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What the Jussie Smollett Story Reveals

I was one of many people who found Jussie Smollett’s story a little off from the beginning. Two white men in ski masks are out in 10-degree weather in the middle of the night, equipped with a bottle of bleach or something like it and a rope that they fashioned into a mock noose. These thugs, who shouted Trump slogans as well as racist and homophobic slurs, seemed to know who Smollett was on sight, meaning they were aficionados of the splashy black soap opera Empire, on which Smollett is a main character. Somehow they were aware that Smollett, prominent but hardly on the A-list as celebrities go, was gay.

Yes, my skepticism made me feel a little guilty. We are justly sensitized to violence against people for being black and for being gay in the wake of incidents I need not name. We are also just past watching legions of people who should have known better refuse to credit Christine Blasey Ford’s accusation against Supreme Court Justice Brett Kavanaugh. Maybe fear and trauma distorted Smollett’s memory somewhat? Maybe the media were getting some of the details wrong? Wait and see, I and others thought.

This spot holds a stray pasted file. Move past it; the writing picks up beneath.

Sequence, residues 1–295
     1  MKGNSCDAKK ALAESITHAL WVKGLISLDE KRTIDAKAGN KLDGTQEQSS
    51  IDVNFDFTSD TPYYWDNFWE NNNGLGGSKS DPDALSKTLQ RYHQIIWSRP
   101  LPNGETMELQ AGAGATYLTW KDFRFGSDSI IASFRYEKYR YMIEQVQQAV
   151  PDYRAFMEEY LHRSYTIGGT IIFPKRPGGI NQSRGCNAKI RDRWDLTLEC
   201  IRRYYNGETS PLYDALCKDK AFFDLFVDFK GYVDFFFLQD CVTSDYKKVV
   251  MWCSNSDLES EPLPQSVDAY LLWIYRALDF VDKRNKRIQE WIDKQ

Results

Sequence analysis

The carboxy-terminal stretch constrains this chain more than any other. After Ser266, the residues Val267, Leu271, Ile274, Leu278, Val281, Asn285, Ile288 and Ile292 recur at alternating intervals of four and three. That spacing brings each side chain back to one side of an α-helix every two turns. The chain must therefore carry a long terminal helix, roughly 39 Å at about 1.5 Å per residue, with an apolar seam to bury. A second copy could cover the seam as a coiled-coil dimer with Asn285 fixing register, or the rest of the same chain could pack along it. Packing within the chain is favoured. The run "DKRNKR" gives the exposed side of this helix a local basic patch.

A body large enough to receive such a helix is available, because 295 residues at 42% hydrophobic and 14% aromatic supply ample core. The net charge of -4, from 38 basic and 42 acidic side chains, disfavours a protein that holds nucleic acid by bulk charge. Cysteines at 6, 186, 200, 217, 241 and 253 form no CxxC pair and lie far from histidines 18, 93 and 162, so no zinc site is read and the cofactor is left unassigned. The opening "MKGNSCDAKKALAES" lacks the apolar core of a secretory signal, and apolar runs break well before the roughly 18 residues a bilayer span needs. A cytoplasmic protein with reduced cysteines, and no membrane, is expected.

According to CNN, which got the information from two law-enforcement sources—and other news organizations as well—Chicago police believe two Nigerians arrested for their role in the attack were paid by Smollett to stage it. Relevant equipment was allegedly found in their apartment.

Smollett’s lawyers have issued a statement insisting these reports are false. “Nothing is further from the truth and anyone claiming otherwise is lying,” they wrote. But Chicago police have declared a significant shift in “the trajectory of the investigation.”

Until this twist, smart people were claiming that the attack on Smollett was the story of Donald Trump’s America writ small—that it revealed the terrible plight of minority groups today. But the Smollett story, if the “trajectory” leads to evidence of fakery, would actually reveal something else modern America is about: victimhood chic. Future historians and anthropologists will find this aspect of early-21st-century America peculiar, intriguing, and sad.

Read more at The Atlantic. 

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